In the context of an injury claim, a prior inconsistent statement occurs when a witness testifying at trial makes a statement that is not consistent with a statement that the witness previously made, whether in writing or during an Examination for Discovery. Opposing counsel can attempt to discredit the witness when this occurs.
In Tran v. Kin Le Holdings Ltd,, the Plaintiff was injured when she fell. After the incident, a witness provided Plaintiff‘s counsel with a statement as to what was observed. Years later, at trial, this same witness testified, however the evidence given was contradictory to the previous statement given, and was unfavorable to the Plaintiff‘s case. Counsel for the Plaintiff argued that the document did not need to be listed on the Plaintiff‘s List of Documents, as it went to credibility, which was a collateral matter. The Court disagreed, stating that prior inconsistent statements can indeed be used to prove or disprove a material fact.
 Counsel submits, first, that a prior inconsistent statement is not a document that could be used to prove or disprove a material fact. It is a document relevant only to credibility. Therefore, it is not required to be listed. Secondly, counsel submits that until the contradictory evidence was given by the witness, counsel had no intention of using the document at trial. The use of the document has only become necessary because of the surprise in the evidence that was given.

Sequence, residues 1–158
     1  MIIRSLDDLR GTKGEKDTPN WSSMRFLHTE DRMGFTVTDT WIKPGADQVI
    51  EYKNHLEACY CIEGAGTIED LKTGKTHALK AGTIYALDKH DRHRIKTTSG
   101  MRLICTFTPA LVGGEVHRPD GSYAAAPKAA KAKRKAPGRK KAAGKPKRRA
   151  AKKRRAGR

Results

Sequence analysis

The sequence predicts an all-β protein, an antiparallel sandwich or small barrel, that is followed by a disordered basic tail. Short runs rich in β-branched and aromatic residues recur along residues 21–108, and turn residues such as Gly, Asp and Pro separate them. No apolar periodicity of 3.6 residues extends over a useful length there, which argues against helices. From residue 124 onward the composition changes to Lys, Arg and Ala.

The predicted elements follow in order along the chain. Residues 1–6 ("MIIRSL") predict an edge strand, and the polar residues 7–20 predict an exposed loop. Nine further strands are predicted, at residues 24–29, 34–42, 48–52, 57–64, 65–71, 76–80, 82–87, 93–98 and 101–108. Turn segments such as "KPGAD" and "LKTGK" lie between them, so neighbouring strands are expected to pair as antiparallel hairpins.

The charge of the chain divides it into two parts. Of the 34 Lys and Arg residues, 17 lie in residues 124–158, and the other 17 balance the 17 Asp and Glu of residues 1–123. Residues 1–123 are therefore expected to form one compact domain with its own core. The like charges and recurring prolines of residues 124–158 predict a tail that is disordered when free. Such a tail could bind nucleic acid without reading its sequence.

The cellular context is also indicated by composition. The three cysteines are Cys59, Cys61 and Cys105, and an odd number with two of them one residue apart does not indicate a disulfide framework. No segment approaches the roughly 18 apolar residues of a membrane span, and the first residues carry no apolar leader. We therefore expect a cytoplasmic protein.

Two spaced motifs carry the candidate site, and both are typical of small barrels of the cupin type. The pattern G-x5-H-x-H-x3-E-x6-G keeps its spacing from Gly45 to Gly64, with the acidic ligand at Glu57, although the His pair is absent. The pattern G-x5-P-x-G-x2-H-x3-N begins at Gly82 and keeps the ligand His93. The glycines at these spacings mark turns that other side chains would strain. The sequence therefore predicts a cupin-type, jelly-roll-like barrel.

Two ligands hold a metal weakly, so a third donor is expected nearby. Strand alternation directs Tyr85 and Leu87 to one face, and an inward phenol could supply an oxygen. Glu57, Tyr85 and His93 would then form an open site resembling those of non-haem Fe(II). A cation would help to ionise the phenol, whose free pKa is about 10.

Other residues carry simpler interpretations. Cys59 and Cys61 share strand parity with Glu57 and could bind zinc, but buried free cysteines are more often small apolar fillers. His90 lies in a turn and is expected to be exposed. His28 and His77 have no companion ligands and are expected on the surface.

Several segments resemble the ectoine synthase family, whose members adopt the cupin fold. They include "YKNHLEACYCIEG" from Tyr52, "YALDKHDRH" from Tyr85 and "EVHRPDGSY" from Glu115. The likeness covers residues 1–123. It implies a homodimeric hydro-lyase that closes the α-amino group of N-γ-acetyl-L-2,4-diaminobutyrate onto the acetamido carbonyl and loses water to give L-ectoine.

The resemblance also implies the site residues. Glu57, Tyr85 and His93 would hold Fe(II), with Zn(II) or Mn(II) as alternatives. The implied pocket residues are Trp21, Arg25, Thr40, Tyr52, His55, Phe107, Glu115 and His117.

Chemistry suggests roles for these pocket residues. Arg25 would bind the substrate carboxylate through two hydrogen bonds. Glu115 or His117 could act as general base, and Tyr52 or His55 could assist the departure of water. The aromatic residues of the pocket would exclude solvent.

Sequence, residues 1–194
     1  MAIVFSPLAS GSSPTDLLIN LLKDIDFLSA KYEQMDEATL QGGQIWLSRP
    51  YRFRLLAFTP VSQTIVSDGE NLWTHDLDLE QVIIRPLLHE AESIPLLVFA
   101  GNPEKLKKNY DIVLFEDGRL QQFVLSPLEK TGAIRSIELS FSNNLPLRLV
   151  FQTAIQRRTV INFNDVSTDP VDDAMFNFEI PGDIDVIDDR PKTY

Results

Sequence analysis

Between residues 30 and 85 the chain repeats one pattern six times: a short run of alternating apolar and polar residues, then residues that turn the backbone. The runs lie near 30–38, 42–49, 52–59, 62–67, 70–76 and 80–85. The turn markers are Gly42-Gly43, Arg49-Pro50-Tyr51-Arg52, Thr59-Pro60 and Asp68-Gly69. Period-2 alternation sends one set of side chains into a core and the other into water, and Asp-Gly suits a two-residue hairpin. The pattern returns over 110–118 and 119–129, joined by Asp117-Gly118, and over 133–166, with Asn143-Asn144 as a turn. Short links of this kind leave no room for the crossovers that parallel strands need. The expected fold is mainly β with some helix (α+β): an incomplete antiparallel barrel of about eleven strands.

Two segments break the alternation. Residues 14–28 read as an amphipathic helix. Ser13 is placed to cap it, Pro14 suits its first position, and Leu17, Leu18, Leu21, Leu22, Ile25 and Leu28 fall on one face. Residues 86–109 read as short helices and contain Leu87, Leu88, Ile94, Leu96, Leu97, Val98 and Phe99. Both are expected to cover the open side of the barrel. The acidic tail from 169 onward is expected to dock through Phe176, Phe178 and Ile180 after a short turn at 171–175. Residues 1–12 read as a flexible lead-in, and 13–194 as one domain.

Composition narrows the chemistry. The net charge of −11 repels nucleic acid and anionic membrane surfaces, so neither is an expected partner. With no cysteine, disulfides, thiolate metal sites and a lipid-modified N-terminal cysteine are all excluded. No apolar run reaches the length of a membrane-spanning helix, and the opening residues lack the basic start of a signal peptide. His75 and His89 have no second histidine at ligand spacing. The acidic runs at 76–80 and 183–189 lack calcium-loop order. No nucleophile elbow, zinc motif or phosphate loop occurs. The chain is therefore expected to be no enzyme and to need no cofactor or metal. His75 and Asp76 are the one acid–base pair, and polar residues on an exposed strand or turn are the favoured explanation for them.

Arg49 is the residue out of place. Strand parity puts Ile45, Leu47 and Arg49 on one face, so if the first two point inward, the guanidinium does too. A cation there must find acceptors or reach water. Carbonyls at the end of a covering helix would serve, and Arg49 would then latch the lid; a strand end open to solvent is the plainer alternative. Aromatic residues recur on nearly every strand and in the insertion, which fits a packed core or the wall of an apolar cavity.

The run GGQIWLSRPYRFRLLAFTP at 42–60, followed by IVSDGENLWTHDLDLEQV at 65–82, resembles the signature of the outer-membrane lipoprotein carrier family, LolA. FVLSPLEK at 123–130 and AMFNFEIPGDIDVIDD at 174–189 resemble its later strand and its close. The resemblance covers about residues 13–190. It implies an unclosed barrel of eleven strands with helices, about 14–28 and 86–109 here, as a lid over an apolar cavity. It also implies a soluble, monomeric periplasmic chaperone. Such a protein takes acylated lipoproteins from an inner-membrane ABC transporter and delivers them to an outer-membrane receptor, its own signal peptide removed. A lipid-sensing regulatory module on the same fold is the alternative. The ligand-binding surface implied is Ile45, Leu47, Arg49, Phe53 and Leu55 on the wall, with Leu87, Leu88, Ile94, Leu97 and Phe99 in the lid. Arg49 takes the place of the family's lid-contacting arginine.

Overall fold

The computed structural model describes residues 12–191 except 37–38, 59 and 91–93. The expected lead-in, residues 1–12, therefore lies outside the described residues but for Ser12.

I turn to deal with this point. I must say that I am sceptical that the plaintiff‘s argument is correct. It is common ground that the document here is covered by litigation privilege, which necessarily ties it into relevant issues in the litigation. Rule 7‑1(6) governs the listing of privileged documents. It is not obvious to me from the wording of the rule that the scope of the obligation set out in Rule 7‑1(6) is qualified or limited by Rule 7‑1(1).
 More importantly, however, prior inconsistent statements can be used, in my view, to prove or disprove material facts. Depending on how a witness responds to the statement when put to the witness, the effect of the use of the statement may well go beyond merely affecting credibility. The witness may adopt the content of the statement insofar as it relates to material facts; in that sense, at least, statements can facilitate the proof of material facts. Statements can facilitate the proof of material facts even if the witness does not adopt them, because findings on material facts may be affected by findings on credibility. But if a witness does adopt a prior inconsistent statement and accept the truth of it, that statement may be used as proof of the truth of its contents, and thereby be used to prove or disprove material facts.